Asia Spotlight: WHO Official On ‘Finding Your Own Place’ In China
Despite widespread concern over China's economy and regulatory environment, WHO's top representative in Beijing is calling for deeper engagement with the country. The key is to understand how decisions are made and “to find your own place.”
On the second Monday of each month, “The Pink Sheet” provides exclusive news and commentary on the Asia biopharma market from the editors of our affiliated publication PharmAsia News.
BEIJING – First came an agreement with the China FDA to upgrade the agency's regulatory system, then a global health conference in Shanghai to unveil a "Healthy City" initiative. It is clear that the World Health Organization has been getting more deeply involved with China's health policy making processes within the last year or so.
"We work as a platform for exchange, and bring that best knowledge together," Bernhard Schwartländer, the WHO's representative to China, said in an interview at his office in Beijing.
Previously serving as the head of UNAIDS in China, Schwartländer spent three years in the country until 2010, then in 2013 when the WHO position opened up, he simply “couldn't resist” and once again came back to the country.
The reasoning for the WHO’s deep interest is that China's health care reform program, a massive undertaking, needs global expertise from such global agencies. "China is modernizing its health care system and the key pillar is that there is no functional tiered system, the kind of care that is delivered when and where it's needed," he said.
The current situation is both expensive and less effective. "Most patients don't need specialized care, they are better off [getting treated] at primary care, in which physicians spend more time and give better services."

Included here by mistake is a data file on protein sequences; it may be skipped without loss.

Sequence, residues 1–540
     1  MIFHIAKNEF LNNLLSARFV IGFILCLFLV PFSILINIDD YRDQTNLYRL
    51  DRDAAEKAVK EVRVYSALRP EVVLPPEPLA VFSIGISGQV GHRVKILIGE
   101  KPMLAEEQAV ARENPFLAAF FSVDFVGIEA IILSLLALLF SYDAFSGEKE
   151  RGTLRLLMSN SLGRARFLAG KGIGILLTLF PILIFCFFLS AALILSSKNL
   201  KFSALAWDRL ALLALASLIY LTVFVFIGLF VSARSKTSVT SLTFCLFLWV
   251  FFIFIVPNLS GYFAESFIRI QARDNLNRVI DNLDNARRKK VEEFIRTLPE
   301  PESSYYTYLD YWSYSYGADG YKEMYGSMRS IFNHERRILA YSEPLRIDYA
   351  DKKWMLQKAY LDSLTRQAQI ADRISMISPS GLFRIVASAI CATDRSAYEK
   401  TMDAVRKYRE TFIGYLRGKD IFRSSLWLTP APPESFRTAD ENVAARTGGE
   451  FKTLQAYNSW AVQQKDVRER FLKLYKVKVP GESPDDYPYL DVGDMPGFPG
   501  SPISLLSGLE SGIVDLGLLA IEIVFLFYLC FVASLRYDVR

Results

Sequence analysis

But patients' flocking to large hospitals to seek care in China has led to "long queues, crowded conditions and expenses", and at the end of the day everybody is unhappy with the current situation.
The root cause lies in the compensation system for physicians, in which doctors get an important part of their income from hospital drug sales. As a result, in some extreme cases, physicians have invested in purchasing their own CT scanners and required patients to undergo scans, inevitably leading to overuse of checkups and subsequently prescribed drugs.
“Most patients don't need specialized care, they are better off [getting treated] at primary care, in which physicians spend more time and give better services” - WHO Representative to China Bernhard Schwartländer
The solution to this "misused" system is a referral-based tiered arrangement in which patients are referred through proper tiers of care, something similar to the general physician system in Europe, the official proposed.
China's health authorities seem to be heeding such views, and the government has set a tiered system as a key measure to deepen the health care reforms enshrined in its new 13th Five-Year Plan.
Emerging County Hospital Market
The key battleground for China's next phase of health care reform is county hospitals, which numbered 6,850 Class AA hospitals and 7,009 for Class A hospitals, according to the China Healthcare Yearbook for
The challenges, analysts point out, are the vast size and lack of infrastructure in the country, along with widely varying stages of development.
"As vast as China is, WHO can help [the policy makers] think through with shared analysis at high level," Schwartländer said.
One outcome is various pilot schemes that are being implemented in various parts of the country, in an approach of finding "typical places and making it work." And that requires commitment and leadership.
"They [the pilots] are very good, providing a platform for exchange and bringing knowledge together," the WHO representative pointed out, adding that when WHO Secretary-General Margaret Chan visited China, she was always taken to see the schemes, highlighting the collaboration.
The risk for primary care to take hold at the local level is a lack of incentives and infrastructure, providing physicians with less motivation. But with the help of successful pilots and applying these models elsewhere, policy makers can create a "snowball effect" and scale up, enabling good policies to survive and thrive, he stressed.
Some emerging health care models from China can even be applied elsewhere in the world, the official suggested (Also see "Looking To Grow In China’s New Norm? Think Local" - Scrip, 7 Apr, 2015.).